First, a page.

Change Adds Up


Skyrocketing labor costs represent at least 30 percent of convenience store gross profits, enough to keep c-store operators awake at night. Huge hikes in wages and health insurance are sure to take an even larger chunk as new laws take hold.

Last year set a precedent, as a majority of states had higher wage rates than the federal minimum. Convenience store operators are looking for ways to combat labor costs, and many are finding operational efficiencies through technology.

"The only way to directly combat wage increases is through the greater use of technology or the reduction of hours," according to the 2015 NACS State of the Industry report.

While some in-store technologies can be cost-prohibitive and require serious capital outlay, there are affordable options that deliver return on investment in less than 60 days. 

C-stores survive by making purchases fast and convenient, and by moving a high volume of customers during peak periods. Cash is still king, accounting for more than two-thirds of all c-store transactions under $10. Automated coin management can be a game-changer for c-store operators. If your employees are manually counting change, a cash transaction consumes a full eight seconds more than it would if using automated coin dispensing. Now multiply that 8 seconds by every cash transaction in your store every day.

Now consider shift changes and closings. With automated coin counting, you greatly reduce the likelihood that tills won't balance, which makes counting coins at shift changes and closings a largely obsolete practice. With more labor time freed up, including some by your store managers, your employees can move on to more productive tasks — like stocking shelves, cleaning the store, or alerting customers to sales or promotions that add up to bigger-ticket sales.

When coin inventory runs low, a prefilled coin canister can be installed in a matter of seconds, so there's never a bottleneck waiting for change. This adds up to four hours a week in labor savings, just by automating coin handling. Now we're talking a measurable increase in operational efficiency, and it can be achieved simply and affordably by automating the way you handle coin.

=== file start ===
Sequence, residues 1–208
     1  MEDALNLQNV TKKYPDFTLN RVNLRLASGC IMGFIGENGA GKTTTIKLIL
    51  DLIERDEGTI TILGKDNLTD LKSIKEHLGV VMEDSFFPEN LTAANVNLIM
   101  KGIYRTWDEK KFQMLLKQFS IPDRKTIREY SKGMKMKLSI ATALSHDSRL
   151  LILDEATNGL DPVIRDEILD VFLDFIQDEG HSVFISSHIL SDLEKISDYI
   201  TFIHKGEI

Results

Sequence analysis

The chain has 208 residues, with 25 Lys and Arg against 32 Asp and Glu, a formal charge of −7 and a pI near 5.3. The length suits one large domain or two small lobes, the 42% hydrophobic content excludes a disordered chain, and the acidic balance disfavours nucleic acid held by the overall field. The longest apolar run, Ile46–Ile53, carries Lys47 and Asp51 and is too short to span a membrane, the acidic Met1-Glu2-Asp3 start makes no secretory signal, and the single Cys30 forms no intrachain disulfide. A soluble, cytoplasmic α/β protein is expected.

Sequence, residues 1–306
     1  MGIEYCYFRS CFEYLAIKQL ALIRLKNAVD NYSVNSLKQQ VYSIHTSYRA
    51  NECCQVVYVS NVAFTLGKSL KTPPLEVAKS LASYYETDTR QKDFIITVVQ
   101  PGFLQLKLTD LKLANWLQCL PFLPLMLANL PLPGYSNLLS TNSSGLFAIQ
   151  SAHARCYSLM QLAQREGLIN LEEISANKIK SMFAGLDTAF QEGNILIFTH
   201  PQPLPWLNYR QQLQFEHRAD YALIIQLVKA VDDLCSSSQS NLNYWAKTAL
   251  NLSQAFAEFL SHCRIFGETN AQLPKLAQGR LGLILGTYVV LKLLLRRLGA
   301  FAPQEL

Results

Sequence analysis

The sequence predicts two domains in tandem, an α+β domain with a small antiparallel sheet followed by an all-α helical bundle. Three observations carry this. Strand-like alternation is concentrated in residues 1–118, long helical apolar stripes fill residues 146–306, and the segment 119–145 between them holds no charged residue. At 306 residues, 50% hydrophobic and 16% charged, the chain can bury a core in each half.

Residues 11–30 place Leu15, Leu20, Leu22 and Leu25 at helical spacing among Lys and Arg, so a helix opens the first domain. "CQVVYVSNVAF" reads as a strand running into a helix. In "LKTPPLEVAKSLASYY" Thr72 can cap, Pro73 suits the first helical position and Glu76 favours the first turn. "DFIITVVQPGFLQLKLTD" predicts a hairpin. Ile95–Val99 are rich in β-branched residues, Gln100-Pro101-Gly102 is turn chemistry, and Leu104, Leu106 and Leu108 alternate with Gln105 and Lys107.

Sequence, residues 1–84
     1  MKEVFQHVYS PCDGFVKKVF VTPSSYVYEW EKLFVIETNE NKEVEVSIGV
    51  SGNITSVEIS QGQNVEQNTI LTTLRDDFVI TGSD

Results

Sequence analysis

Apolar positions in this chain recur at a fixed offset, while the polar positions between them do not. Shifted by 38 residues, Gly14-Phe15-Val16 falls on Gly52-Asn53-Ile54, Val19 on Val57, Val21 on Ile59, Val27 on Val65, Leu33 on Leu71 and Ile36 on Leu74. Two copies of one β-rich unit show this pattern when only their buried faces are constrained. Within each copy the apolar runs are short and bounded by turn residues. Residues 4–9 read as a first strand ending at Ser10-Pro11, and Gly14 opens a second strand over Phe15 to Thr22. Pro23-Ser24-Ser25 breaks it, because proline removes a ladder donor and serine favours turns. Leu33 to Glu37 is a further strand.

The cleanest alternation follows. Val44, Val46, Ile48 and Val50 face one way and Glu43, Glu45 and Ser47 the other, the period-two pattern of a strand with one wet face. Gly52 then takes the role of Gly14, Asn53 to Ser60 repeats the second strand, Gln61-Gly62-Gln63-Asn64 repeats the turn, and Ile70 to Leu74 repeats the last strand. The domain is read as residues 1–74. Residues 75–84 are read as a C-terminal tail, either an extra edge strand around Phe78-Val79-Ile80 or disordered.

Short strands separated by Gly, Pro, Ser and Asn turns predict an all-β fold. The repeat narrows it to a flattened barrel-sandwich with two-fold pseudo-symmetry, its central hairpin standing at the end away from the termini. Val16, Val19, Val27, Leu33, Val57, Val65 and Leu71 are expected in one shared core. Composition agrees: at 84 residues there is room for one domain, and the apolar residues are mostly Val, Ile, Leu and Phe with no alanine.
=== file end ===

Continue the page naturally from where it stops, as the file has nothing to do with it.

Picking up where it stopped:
The National Retail Federation (NRF) cites that 56 percent of retail shrinkage results from employee theft and administrative error. When coin dispensing is automated, coin is 100 percent accurate every time, eliminating manual counting errors. And when coin is locked in a canister and triggered only by your point-of-sale system, it's less possible to skim coins, lowball a transaction or simply not enter it.

Conservatively, let's say that automating coin handling reduces your shrink by one or two dollars a day. That's a cost savings of $30 to $60 per month at one register alone. If you consider the savings with 10 stores — or an entire enterprise of stores — the automation of giving out change becomes a serious cost-saver.

What seems like a small adjustment, modifying the way you dispense coins has proven to yield significant operational impact. For a small cash outlay, c-stores across the country have documented return on their coin dispensing investment in as little as 45 days.

In addition to higher customer throughput, more productive employees and reduced shrink, they've cited faster cashier training, improved speed of service and a host of other benefits.

Delivering a faster customer experience is what c-stores are all about. If you don't deliver on that promise, your customers may not be coming back.

Editor's note: The opinions expressed in this column are the author's and do not necessarily reflect the views of Convenience Store News.

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